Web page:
Was the sentence too small? Mothers of sexual abuse victims unhappy with attackers’ jail timeHe was someone they trusted, someone who became like family. He took their daughters to the park and swimming pool and taught them how to sing, “Jesus Loves Me.”
By: By Mike Nowatzki , Forum Communications, The Jamestown Sun
MOORHEAD, Minn. — He was someone they trusted, someone who became like family. He took their daughters to the park and swimming pool and taught them how to sing, “Jesus Loves Me.”
Then, in two vile acts, Jon Ralph Pabody shattered the innocence of two of his wife’s day care children —ages 3 and 7 — and the lives of those around them, their mothers said at his sentencing Monday.
“You are not a man. You are a monster,” the mother of the older victim, now 9, said through tears in Clay County District Court.
Sitting handcuffed at the defense table in an orange jail jumpsuit, Pabody wept and nodded his head in agreement. Later, the Moorhead man apologized for bringing pain and shame to the victims, their families and his own family. He told Judge Galen Vaa that he wished he could do things over.
“I know they’re angry, and they have every right to be angry with me,” the 54-year-old said. “I’ve done something horrible.”
Vaa sentenced Pabody to 13 years and four months in prison after reluctantly allowing the older victim into the courtroom to watch the proceedings.
Wearing a royal blue T-shirt with the words “It shouldn’t hurt to be a child” printed on the back, the 9-year-old girl sat in the front row, flanked by supporters also dressed in blue shirts with “Keep sexual predators away” printed on the front. A reference to scripture graced the back of the shirts: “Jesus said it would be better to tie a millstone around your neck and drown yourself in the sea than it would be to lead one of his little ones astray.”
After turning the podium toward Pabody, the mother of the younger girl said her daughter “has lost the one thing that belonged to her: It is her innocence.” She said the girl has trouble sleeping because of nightmares, and the only thing that comforts her is crawling into bed with her mom.
“It tears my heart because it feels like I failed my daughter as a parent,” she said. (The Forum is not naming the mothers in order to protect the identity of the victims.)
Pabody turned himself in to police in March, saying he had molested two girls at the home day care where he helped his wife. That day care and an offsite center, ABC Infant Daycare, have since closed.
In a negotiated plea deal between the defense and prosecution, Pabody pleaded guilty last month to one count of first-degree criminal sexual conduct in each of the two cases. To spare the victims the stress of a trial, the state agreed to knock about 20 months off Pabody’s sentence, Assistant County Attorney Pamela Harris said.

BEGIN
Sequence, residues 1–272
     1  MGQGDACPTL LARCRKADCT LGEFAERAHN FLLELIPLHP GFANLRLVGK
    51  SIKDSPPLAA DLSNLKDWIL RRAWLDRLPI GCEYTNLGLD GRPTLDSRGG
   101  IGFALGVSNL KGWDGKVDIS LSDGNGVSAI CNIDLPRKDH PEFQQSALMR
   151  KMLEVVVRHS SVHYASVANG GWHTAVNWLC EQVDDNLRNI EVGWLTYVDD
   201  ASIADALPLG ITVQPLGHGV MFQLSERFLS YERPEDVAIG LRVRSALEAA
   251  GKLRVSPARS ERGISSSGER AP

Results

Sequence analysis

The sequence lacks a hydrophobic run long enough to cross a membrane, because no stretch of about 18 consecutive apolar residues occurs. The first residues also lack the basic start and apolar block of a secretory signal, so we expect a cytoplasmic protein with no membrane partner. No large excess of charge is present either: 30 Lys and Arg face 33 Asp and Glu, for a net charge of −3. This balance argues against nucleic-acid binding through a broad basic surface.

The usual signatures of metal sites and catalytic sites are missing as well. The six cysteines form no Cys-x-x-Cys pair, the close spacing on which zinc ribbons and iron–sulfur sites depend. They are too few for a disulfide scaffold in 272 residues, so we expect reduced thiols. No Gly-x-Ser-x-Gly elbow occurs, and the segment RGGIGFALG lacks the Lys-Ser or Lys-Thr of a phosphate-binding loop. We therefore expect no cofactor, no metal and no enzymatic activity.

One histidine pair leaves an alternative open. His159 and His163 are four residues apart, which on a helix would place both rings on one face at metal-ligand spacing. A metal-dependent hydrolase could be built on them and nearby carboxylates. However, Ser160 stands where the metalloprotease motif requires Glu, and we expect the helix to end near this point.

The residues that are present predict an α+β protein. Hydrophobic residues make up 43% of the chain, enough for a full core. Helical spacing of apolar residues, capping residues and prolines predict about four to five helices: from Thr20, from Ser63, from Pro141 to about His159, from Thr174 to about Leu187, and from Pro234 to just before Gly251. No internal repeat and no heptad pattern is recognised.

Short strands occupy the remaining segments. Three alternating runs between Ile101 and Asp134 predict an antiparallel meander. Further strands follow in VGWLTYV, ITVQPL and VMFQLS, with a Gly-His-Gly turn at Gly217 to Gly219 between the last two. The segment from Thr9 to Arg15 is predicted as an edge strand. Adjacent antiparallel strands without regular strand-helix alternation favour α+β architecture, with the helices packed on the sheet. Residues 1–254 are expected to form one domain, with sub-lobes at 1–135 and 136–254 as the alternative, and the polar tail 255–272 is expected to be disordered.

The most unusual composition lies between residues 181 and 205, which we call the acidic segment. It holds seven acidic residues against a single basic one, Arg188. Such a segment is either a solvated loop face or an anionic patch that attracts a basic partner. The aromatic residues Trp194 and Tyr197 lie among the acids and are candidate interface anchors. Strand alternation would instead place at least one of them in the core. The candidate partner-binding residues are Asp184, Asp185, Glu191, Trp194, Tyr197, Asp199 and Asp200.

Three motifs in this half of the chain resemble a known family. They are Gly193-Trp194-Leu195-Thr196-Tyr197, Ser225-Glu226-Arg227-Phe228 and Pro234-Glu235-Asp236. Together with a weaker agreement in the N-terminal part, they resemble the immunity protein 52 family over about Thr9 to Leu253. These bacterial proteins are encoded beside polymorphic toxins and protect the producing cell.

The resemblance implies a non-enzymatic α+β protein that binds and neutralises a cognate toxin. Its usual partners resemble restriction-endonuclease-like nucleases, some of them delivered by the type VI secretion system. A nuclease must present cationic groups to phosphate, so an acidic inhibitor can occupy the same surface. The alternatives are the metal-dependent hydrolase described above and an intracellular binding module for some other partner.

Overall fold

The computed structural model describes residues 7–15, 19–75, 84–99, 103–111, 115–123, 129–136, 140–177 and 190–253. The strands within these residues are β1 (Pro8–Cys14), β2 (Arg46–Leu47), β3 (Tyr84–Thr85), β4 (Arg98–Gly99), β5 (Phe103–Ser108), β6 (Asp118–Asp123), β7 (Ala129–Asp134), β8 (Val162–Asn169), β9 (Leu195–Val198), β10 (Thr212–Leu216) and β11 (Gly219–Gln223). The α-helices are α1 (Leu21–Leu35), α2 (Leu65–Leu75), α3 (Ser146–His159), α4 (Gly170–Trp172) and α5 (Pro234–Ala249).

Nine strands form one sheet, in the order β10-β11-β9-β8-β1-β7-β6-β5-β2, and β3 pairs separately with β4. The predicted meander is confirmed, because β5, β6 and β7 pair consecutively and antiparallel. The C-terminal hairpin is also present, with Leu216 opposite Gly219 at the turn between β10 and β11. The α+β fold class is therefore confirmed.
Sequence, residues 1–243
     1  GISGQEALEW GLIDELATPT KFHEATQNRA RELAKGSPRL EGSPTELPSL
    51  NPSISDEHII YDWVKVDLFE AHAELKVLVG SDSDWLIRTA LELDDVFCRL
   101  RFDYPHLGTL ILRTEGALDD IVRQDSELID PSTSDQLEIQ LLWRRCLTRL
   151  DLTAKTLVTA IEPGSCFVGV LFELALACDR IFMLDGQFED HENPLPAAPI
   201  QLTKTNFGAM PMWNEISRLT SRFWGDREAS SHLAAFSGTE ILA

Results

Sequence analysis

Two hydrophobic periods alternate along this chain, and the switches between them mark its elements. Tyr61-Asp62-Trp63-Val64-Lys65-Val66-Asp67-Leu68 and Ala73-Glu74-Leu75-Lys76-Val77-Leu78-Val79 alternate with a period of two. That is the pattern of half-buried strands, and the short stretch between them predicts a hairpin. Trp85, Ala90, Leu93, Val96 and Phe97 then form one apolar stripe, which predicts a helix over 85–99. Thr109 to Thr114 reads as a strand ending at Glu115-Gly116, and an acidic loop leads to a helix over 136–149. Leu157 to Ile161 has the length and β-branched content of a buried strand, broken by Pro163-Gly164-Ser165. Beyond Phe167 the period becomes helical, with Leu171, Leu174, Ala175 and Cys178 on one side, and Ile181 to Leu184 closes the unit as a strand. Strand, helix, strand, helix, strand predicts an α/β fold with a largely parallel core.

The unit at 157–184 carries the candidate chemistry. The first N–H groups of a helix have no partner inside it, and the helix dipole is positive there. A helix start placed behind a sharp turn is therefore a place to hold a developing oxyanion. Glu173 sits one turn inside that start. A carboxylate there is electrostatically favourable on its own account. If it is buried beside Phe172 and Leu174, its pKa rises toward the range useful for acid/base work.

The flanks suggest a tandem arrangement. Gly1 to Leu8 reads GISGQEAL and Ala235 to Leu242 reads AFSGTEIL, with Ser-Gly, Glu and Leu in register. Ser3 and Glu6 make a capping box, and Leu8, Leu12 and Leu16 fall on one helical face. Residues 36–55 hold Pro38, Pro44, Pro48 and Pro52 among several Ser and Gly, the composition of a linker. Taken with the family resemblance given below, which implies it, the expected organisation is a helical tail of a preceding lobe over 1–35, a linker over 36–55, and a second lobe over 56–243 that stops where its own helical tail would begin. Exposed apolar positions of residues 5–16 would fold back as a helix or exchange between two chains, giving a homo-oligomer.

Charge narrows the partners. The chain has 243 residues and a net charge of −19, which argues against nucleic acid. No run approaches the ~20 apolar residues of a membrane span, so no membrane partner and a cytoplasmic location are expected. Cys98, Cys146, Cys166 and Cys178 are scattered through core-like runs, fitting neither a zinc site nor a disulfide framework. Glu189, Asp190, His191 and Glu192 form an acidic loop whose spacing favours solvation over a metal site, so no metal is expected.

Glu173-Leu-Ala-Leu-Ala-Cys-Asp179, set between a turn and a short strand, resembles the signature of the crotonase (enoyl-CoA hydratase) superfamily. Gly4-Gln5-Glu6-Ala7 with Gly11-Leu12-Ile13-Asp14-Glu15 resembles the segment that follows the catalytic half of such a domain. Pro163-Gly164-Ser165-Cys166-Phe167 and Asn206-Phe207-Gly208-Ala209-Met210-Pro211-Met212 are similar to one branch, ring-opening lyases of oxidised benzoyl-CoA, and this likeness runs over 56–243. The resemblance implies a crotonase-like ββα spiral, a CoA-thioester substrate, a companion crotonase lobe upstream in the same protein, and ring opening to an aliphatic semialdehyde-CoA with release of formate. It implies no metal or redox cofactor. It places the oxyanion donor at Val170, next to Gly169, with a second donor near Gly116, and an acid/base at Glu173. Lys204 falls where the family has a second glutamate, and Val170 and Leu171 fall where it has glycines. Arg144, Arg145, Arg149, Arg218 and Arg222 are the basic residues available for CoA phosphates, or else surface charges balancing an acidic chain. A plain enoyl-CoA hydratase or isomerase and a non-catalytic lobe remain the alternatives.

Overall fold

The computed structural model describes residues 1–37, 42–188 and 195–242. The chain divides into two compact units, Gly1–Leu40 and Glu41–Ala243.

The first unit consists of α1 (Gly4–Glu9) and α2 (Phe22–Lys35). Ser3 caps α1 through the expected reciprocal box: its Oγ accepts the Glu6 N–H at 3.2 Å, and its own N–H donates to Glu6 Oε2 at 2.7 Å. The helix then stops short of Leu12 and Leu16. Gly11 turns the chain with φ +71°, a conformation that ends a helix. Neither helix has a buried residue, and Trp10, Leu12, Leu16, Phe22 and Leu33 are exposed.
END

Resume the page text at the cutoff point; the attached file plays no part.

Pabody must serve at least two-thirds of his prison term, or nearly nine years, behind bars.
Vaa ordered that upon Pabody’s release, the state shall petition to have him civilly committed indefinitely as a sexually dangerous person or as having a sexual psychopathic personality, or both.
Under Minnesota’s sentencing guidelines, Pabody, who had an otherwise clean criminal record, was sentenced to concurrent prison terms of 144 months and 160 months, as opposed to consecutive terms.
The victims’ mothers, as well as Vaa and Harris, agreed Pabody deserved more prison time.
“It troubles me that that is the result in this case,” Vaa said.
The mother of the younger victim said she will lobby the Legislature to change state law to require mandatory life sentences for people in positions of authority convicted of sexually abusing children.
Pabody must register as a predatory sex offender for life. Should he not be civilly committed, he will be on conditional supervised release for life.
His victims, who are in counseling, also will have lifelong effects from the abuse, their parents said.
A victim impact statement from the 9-year-old was read aloud in court.
“I feel happy because you are in jail,” it stated. “Sometimes I feel scared that you will come and take me and hurt me.”
Prior to Monday’s hearing, Vaa ordered the 9-year-old removed from the courtroom. He then questioned her mother, who said the girl wanted to attend and deserved to have the closure of seeing Pabody go to prison.
“She has the right to be in here, just as he has the right,” she said.
State law didn’t allow Vaa to bar the girl from the courtroom, but he said he personally thought it was a bad idea and could cause her emotional stress.
After the hearing, the girl emerged from the courtroom smiling.
“Maybe this will give some closure and she’ll sleep better,” her mother said.
Mike Nowatzki is a reporter
at The Forum of Fargo-
Moorhead, which is owned by Forum Communications Co.